Monday, April 04, 2011


The end is near. I can almost see the end of the semester from where I stand. And, unlike many of my colleagues, friends, and students, the rest of my semester should be relatively unbusy (compared to the past month or so) after this coming week. I no longer feel overwhelmed; I'm simply...whelmed. However, Webster's Free On-Line Dictionary lists "whelmed" as a synonym for "overwhelmed," so maybe that's not accurate.

The past few weeks I've felt the urge to post here, but have been at a loss for what to post about. Anything that I felt was worth saying was too trivial to mention or to comprehensive to put into a one- or two-page post.

I thought about writing on some of the Neat Teaching Ideas my colleagues offered up in the Project NExT-SE session at the MAA conference in Tuscaloosa this past weekend. My UNCA colleague Kelli talked about the "peer mentoring" program she's been using in her Calc I class here this semester, and my Project NExT colleague Kade talked about using "math moments" to expose lower-level math students to nifty ideas from higher mathematics, like the Four Color Theorem and Russell's Paradox. I've done this sort of thing in the past, but not recently, and I've never tried putting a peer mentoring program into place. I'm going to try both out in Precalc next fall.

I thought about writing on the feeling I had driving back from Alabama, a feeling of calm, serenity, and oneness, as, just for a moment, I felt like I saw with perfect clarity my role as a teacher and learner. I felt for a moment as though I understood precisely how what I do affects what my colleagues do and reciprocally, and precisely how I help my students to learn as they help me to do the same. It was a pleasant moment.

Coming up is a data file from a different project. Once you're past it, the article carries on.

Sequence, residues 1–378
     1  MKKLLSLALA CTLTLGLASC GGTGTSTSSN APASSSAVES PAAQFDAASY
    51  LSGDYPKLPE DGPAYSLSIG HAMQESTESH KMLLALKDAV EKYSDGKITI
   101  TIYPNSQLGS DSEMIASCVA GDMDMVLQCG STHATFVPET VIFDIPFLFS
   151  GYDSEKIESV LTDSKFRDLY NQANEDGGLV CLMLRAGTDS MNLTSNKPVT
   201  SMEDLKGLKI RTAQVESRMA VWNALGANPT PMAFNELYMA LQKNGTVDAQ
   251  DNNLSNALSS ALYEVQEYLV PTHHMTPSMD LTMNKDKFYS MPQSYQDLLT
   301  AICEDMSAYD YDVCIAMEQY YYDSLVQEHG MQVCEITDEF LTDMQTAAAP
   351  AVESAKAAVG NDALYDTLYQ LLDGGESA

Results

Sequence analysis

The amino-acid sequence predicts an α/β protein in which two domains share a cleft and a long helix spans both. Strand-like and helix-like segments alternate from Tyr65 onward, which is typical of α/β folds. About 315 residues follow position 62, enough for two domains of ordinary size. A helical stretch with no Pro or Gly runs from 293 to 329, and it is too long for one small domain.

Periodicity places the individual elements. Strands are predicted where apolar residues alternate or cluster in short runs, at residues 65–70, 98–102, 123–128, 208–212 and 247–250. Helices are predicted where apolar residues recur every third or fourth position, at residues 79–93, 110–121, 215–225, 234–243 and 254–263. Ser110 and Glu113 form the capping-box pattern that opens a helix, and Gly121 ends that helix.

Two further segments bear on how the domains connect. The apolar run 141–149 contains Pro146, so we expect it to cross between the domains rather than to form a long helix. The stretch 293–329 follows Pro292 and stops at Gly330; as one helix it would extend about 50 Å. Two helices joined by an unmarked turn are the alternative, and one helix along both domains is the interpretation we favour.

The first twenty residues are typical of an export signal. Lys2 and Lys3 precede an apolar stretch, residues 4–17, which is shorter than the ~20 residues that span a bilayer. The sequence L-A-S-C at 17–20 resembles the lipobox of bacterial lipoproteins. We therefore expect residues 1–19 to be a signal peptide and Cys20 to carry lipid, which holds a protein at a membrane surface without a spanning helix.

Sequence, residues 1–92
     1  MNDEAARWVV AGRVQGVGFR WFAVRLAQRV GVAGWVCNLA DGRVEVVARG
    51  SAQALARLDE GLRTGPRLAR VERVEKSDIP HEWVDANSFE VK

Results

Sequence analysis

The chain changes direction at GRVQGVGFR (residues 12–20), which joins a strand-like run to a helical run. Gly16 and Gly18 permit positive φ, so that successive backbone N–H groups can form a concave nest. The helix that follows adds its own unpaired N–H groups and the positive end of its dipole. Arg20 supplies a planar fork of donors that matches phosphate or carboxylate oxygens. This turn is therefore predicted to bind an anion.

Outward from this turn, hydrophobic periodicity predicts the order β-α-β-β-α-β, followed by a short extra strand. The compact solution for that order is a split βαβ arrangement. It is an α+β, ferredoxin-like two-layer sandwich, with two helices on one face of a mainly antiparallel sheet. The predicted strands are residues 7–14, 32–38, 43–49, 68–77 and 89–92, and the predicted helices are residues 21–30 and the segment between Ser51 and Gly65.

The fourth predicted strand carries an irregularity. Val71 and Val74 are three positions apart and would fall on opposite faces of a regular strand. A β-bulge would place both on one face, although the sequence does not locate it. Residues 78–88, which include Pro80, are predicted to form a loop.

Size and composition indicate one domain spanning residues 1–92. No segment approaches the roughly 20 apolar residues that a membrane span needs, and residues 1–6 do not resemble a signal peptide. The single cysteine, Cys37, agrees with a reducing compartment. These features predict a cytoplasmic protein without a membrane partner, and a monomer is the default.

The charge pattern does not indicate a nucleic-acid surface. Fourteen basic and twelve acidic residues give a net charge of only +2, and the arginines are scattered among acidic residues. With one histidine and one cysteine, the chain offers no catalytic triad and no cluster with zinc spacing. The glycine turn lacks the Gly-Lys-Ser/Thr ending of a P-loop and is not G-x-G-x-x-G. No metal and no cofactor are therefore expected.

I thought earlier today about writing on a common category error my MATH 280 students tend to which I didn't mention in class this morning as I was debriefing them on their latest homework sets. Namely: students frequently confuse conjunction ("and") of mathematical statements with intersection of sets, and disjunction ("or") of mathematical statements with union of sets. There's little to do but practice in order to overcome this confusion, training oneself through repetition to recognize the different between a set or a class on one hand, and a statement or a mathematical claim on the other.

Snippets, random snippets. If you've got something to say about any of them, feel free to chime in. In fact, feel free to chime in even if all you have to say is utterly non sequitur; I always love hearing from my readers, and I want to know where you are right now: puzzled and perplexed? Curious and questioning? Or simply stressed, and tired, oh so tired?

Hang in there, my friends. The end is near. Have a seat beside me and tell me a simple tale; I'd love to hear it.

1 comment:

Bret Benesh said...

I am not stressed, but confused about how busy I am. The workload seems to be manageable (aside from the usual "how do I effectively teach all of the remaining things I want in only month?" question), but somehow I never seem to get ahead.

I am super-excited about getting more into formative assessment; I am sharpening my "feedback that is actually helpful" knife as we speak. I am doing my best to incorporate them into my classes this semester.